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application that might be inade to it on of November, though he was not at that behalf of the petitioner, but whether that time apprised of the inadequacy to vote of house would, in this so comparatively un- two of the persons objected to. He should important a case, make a precedent that think it a monstrous injustice to refuse the might in all future cases of this kind be application for a longer day. productive of consequences the most se- The Attorney-General conceived that the rious: five years ago, the persons objected house was now about to exercise a judicial to voted for the petitioner ; and was the function, and that it should pause before it house now to be told, that this was the first would rasbly go to establish a precedent. time the petitioner had discovered those al- The hon. gent, who spoke last bad said, leged inadequacies? After a five years' that it was bard to expect that the process dream, he, the petitioner awaked, and disco- of an application for a quo warranto could vered for the first time, that certain persons have been made within the first day of who had voted for him upon a former oc- term ; but the hon. gent. should recolleet, casion, now that they voted against him, that though term did not commence till · were from the beginning incompetent to the 6th, it did not end till the 28th, and vote. There was one fact, that he could that it was rather suspicious that in all not pass by. It had been said, that four that time no step bad been taken by the or more voters were objected to. lle (Mr. petitioner to make such application. As M.) assured the house, that there were not to the argument, that delay was not almore than two objected to at the time of leged to be an inconvenience to the sitting voting, upon the ground of not being fran- member, he did not think it conclusive, chised, as the third was objected to not up- nor should be think it fair to be compelled on this ground, but as having some employ- to prove his title to bis estate, merely bement in the post-office. He said that, an- cause that proof was entirely practicable. xiously as he waited for the decision of that He should therefore vote against the mohouse upon what he would call a vexatious tion. proceeding, he should, however, bow to Mr. C. Wynne thought, that however it .ihat decision with unfeigned humility and might be a question whether such delay respect.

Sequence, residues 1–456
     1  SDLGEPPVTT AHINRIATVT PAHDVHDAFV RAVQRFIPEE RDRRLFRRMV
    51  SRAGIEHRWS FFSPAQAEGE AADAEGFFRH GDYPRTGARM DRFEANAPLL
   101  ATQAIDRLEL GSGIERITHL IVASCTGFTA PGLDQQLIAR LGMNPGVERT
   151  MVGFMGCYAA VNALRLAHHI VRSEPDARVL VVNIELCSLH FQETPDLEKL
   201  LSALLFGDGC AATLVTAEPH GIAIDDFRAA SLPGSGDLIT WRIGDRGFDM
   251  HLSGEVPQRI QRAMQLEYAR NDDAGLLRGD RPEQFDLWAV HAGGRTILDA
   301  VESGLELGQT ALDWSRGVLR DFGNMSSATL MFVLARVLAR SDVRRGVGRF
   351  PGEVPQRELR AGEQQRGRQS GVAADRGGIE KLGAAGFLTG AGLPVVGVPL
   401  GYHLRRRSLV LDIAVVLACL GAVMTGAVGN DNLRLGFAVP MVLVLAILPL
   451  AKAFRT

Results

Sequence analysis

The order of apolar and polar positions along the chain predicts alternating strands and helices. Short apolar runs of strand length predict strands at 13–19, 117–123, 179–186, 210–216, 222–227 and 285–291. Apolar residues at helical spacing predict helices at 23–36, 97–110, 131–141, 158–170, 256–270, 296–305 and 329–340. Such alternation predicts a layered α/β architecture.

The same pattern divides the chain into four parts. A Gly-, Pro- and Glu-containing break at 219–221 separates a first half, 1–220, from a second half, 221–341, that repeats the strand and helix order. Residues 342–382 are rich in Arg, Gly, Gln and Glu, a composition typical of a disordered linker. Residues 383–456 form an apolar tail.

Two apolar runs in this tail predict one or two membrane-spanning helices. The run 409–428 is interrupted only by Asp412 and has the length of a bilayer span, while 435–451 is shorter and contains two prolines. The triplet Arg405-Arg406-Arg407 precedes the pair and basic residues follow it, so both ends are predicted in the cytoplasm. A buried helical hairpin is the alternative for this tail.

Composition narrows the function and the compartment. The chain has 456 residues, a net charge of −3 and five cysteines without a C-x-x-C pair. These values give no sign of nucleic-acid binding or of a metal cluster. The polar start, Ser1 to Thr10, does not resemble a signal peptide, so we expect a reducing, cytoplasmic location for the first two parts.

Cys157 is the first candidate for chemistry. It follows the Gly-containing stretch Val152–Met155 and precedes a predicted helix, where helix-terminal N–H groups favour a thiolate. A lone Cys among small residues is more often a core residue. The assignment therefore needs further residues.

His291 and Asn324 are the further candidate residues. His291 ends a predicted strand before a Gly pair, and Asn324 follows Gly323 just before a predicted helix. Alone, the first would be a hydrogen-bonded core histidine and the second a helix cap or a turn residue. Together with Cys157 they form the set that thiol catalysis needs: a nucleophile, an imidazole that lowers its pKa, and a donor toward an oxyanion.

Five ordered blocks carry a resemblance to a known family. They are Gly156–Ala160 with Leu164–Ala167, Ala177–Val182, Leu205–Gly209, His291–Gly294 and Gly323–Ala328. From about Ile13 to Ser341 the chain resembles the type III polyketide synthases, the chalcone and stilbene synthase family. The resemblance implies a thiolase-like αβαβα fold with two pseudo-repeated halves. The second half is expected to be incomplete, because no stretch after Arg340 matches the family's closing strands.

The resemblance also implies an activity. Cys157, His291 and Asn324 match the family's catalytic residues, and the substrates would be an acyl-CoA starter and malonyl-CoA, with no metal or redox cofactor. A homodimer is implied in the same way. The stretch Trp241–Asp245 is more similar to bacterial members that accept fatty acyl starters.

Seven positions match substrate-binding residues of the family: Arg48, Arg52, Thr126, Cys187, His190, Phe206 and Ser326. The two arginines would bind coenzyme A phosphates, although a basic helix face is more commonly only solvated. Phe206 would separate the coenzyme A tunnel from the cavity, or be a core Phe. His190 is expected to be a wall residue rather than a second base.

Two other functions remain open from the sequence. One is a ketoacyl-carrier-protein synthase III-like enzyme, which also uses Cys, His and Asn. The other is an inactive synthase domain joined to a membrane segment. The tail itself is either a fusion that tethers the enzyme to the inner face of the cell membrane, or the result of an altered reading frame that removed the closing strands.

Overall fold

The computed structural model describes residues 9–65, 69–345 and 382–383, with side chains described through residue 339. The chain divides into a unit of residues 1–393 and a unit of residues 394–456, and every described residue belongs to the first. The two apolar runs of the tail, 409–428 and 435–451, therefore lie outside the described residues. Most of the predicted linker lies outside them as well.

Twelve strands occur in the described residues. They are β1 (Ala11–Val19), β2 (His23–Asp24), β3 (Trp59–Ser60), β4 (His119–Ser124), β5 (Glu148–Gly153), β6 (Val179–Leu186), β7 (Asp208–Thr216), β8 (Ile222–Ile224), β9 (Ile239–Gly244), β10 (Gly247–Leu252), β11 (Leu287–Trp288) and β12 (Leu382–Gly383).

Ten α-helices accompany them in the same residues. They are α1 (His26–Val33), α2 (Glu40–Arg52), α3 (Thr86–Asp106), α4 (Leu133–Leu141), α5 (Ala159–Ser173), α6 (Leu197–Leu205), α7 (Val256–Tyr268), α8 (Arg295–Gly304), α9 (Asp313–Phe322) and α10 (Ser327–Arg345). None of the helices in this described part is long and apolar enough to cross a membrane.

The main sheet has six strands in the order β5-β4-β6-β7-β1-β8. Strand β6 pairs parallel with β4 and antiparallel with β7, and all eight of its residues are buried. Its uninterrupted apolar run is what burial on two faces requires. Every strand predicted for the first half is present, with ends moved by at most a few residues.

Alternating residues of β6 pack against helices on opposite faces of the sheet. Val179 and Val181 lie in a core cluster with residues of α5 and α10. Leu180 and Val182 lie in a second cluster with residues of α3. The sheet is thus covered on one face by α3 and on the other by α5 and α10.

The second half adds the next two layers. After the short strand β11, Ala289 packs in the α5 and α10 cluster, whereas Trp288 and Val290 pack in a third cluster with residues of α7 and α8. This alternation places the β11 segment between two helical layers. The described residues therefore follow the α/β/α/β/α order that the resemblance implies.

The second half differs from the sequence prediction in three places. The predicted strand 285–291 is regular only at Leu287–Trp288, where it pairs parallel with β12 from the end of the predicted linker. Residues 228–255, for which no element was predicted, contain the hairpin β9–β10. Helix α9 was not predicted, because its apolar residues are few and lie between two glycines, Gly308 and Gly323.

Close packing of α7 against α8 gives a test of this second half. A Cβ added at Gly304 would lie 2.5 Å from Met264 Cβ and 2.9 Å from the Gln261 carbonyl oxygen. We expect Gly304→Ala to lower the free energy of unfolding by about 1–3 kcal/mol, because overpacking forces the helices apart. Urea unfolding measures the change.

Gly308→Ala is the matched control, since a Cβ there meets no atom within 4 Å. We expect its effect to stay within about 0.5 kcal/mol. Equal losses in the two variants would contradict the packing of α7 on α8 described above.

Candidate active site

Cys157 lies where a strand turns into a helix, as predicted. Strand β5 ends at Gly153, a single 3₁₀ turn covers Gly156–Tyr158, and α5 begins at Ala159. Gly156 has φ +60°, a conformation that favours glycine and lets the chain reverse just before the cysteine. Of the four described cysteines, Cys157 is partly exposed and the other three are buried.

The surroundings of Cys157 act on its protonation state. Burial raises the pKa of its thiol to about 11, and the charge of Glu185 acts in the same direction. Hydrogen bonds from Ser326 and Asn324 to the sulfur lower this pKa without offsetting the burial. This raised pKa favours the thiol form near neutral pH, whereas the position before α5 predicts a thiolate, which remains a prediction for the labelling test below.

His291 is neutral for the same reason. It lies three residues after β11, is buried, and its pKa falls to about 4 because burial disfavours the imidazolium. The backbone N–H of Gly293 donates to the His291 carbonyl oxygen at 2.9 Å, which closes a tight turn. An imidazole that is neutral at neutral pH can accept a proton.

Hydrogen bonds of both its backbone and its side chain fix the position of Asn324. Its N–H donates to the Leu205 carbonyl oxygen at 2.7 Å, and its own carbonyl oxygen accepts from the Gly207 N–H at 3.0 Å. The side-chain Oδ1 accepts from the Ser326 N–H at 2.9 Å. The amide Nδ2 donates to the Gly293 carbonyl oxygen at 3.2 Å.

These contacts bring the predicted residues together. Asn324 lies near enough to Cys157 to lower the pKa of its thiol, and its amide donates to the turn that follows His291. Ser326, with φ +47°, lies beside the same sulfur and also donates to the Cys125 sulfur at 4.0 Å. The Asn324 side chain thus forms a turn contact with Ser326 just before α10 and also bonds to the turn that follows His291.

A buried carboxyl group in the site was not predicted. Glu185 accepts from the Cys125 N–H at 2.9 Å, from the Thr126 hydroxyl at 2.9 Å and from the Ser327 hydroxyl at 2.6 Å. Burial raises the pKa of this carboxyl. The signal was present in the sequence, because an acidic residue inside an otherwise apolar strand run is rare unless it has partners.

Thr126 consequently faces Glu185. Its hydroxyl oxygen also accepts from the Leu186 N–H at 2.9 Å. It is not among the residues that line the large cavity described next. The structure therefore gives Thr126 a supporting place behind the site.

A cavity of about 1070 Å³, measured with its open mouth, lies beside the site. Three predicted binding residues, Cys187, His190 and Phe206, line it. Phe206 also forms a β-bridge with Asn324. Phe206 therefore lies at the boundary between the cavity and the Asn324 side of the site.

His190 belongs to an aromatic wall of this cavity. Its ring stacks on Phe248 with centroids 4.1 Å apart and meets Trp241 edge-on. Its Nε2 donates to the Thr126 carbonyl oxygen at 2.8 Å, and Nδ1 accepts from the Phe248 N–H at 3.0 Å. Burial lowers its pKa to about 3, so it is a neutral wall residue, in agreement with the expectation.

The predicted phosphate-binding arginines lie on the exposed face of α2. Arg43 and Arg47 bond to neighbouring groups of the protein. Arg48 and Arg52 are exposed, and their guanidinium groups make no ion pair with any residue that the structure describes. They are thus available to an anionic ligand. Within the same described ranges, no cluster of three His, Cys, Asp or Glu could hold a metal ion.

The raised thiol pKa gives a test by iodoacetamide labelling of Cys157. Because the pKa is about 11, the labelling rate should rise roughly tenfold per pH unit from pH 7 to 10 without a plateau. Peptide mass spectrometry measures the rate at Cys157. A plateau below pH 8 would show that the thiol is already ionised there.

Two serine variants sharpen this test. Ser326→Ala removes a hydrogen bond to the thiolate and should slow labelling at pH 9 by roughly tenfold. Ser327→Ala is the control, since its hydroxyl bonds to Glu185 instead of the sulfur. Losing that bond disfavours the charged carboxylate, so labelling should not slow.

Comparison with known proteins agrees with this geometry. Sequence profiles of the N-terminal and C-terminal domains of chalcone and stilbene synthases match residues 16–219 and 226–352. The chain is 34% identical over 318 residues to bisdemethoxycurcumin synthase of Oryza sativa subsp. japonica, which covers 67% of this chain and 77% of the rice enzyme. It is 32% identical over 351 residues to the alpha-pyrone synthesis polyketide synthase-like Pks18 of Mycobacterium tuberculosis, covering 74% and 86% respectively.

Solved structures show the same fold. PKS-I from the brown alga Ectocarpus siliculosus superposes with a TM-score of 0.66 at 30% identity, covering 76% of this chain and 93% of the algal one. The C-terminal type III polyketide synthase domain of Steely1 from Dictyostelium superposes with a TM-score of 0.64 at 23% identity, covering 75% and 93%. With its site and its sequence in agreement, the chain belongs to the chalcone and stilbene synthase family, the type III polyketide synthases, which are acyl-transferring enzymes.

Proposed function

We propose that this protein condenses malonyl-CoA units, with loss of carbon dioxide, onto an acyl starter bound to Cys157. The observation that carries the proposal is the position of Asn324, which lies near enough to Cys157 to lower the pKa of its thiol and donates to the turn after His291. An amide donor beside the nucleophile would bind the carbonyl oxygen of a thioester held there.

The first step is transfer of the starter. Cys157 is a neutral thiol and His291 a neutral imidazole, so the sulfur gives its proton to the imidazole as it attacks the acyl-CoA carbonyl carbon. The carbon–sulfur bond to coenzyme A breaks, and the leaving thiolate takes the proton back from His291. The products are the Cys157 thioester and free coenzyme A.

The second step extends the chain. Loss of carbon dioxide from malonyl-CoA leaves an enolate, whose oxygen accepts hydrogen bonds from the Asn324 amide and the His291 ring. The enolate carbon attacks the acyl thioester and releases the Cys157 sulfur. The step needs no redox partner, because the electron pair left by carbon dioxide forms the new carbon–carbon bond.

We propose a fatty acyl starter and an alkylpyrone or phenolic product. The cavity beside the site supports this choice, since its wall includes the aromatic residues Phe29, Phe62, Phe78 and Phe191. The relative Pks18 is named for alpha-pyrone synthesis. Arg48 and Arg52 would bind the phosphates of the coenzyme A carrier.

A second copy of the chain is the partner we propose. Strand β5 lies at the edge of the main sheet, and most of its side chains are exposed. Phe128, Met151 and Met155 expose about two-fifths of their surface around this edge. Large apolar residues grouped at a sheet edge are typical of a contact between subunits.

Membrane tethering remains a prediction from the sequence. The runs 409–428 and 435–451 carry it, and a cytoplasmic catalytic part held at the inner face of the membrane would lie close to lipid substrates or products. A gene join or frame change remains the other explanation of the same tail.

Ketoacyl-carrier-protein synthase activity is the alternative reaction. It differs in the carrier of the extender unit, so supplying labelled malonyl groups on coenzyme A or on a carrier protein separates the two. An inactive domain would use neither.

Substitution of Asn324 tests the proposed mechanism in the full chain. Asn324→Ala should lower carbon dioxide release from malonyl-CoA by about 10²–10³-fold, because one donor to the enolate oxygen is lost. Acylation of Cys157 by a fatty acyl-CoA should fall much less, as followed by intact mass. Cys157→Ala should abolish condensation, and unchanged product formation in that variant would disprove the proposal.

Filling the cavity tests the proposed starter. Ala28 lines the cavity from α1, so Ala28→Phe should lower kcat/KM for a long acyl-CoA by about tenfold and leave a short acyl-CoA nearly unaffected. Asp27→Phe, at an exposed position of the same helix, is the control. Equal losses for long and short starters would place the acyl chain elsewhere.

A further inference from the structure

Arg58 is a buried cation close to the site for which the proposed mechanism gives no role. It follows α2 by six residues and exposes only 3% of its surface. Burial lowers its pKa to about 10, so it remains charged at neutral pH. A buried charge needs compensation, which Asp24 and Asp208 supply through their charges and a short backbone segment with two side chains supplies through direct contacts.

was inconvenient to the sitting member, Mr. Tierney said, that he ought not to he was sure that it was inconvenient to be anxious to speak on a question appa- that house and to the public. rently agitating the feelings of two gentle- The Solicitor-General did not think that men, for each of whom he felt so much the house could reject the motion, consistrespect. He should, however, remove all ently with justice-it had come within bis such personal considerations from his mind, knowledge that of three of the persons and consider merely the simple fact of a objected to, one only was opposed at the petitioner asking for a more distant day time of tendering his vote, and that a month than that already fixed upon for hearing bad elapsed since the election before the his petition; though in the case of peti- petitioner was apprized of the illegality of tions the granting a further day was by no the other two votes. He hoped that this means an unusual indulgence, yet he was, strong circumstance would have its due upon the general principle, an enemy to weight with the house. delay in such cases. But he thought the Mr. Roscoe thought, under such circumpresent case sufficiently exempted from the stances, that the party must apply to the general rule by its peculiar circumstances, court of king's bench, and therefore it inust the petitioner desires a further day as in- be supposed, that the house would give dispensable to the object of his petition them time to do this. The attorneythe sitting member, on the other hand, general had said, that this could not be does not shew that any possible inconve- done in so short a time as that sought for nience can arise to him from this delay. by the petitioner; it therefore necessarily It was objected, too, that the petitioner did followed, that the decision of the question not make an earlier application to the king's must extend beyond the time limited; and bench. The election took place on the as it was very possible, that persons pre4th of November, and the day next but senting such petitions might not quite unone was the first day of term, and yet it derstand the law as well as other gentlewas asked why the petitioner did not pre- men, it appeared to him that time should pare all the necessaries for an application be granted to the petitioner. to a court of law between the 4th and 6th Mr. Bragge Bathurst was of opinion,